Wednesday, February 06, 2008

The Vanishing Habitat of Wetlands

Author: Kevin Doberstein

Deprivation Of Wetlands And The Threatening Of Wildlife

Written by Copyright Protected Forest Wonderer 2006

In the state of Wisconsin, since 1848, 5 million acres of wetlands have been destroyed. Not only do wetlands provide habitat for wildlife, it also replenishes the water table through natural processes. The water that is gathered is naturally filtered through the soil and then deposited into the water table. It's as simple as, the more we deplete wetlands, the more we decline our water supply.

A person from Montana wrote a letter to the editor of a local newspaper describing wetland wildlife and land developers. One of her main concerns was the no-limit policy on trapping beavers in the state of Montana. Developers in Montana are buying these wetlands I would guess at a very low price. Then they drain the wetlands to develop and prosper. Personally I see this type of developing activity in Wisconsin, especially in Northern Wisconsin where I live. I am sure this detrimental phenomenon is happening in many other areas in the United States.

Beavers also play an important part of preserving wetlands. They build dams to flood creeks and can create a wetland environment. Forest and wetland conservation ecology has proven that all different kinds of wildlife depend on this ecosystem to survive, not just the beaver. To prove that all you have to do is follow any game trail. Eventually they will lead to a wetland.

There are 11 species of turtles that live in the state of Wisconsin. Out of the 11 species 5 are endangered or threatened species. This is mainly because of the depredation of wetland habitat for a turtle. While most people really don't care if these turtles are facing extinction, they should be concerned with the declining wetlands. These same wetlands that the turtles are being deprived of are also replenishing our water supply.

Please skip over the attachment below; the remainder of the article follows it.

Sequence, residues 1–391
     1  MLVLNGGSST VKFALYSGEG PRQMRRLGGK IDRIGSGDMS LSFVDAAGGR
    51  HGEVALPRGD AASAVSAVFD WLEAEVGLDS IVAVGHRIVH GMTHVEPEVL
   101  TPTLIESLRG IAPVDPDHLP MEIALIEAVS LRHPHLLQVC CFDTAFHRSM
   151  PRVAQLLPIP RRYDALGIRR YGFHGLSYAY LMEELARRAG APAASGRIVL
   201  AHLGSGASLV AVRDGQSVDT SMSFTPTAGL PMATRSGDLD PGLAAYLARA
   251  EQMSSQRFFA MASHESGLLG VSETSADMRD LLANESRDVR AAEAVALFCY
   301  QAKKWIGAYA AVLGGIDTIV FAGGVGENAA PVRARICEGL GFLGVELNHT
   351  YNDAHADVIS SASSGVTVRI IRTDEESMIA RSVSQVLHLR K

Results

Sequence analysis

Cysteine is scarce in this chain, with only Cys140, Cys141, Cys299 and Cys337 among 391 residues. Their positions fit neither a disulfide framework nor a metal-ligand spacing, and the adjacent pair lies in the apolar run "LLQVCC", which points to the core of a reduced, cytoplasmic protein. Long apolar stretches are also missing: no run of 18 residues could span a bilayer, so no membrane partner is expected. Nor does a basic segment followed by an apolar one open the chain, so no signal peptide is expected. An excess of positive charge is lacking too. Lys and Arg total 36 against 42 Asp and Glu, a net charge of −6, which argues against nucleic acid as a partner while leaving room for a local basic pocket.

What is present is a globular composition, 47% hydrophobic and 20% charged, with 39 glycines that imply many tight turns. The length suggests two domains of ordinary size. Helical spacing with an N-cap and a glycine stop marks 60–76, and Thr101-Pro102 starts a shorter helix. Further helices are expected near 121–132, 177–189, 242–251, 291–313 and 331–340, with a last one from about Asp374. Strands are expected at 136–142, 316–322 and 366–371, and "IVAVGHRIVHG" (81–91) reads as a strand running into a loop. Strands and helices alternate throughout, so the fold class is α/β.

Think of it this way. If the indicating low oil light keeps coming on in your vehicle, wouldn't you check the oil level in your engine before it goes dry? If the habitat of the beaver or turtle is declining, so is our water supply.

About the author:

Kevin Doberstein lives in north Wisconsin and enjoys hiking and photographing nature and wildlife. He also writes articles for his website The Forest Wonderer. This site has articles concerning forest and wetland conservation issues. He also publishes a blog with informational wildlife conservation issues.

About the author: Kevin Doberstein lives in north Wisconsin and enjoys hiking and photographing nature and wildlife. He also writes articles for his website The Forest Wonderer. This site has articles concerning forest and wetland conservation issues. He also publishes a blog with informational wildlife conservation issues.

Top Exposure on 200+ SEARCH ENGINES and DIRECTORIES Your Keywords - No Bidding - 6 Hour Placement A New Kind of Paid Inclusion from ExactSeek Sign Up Today and Receive FR-E-E Bonus Software

0 Comments:

Post a Comment

Subscribe to Post Comments [Atom]

<< Home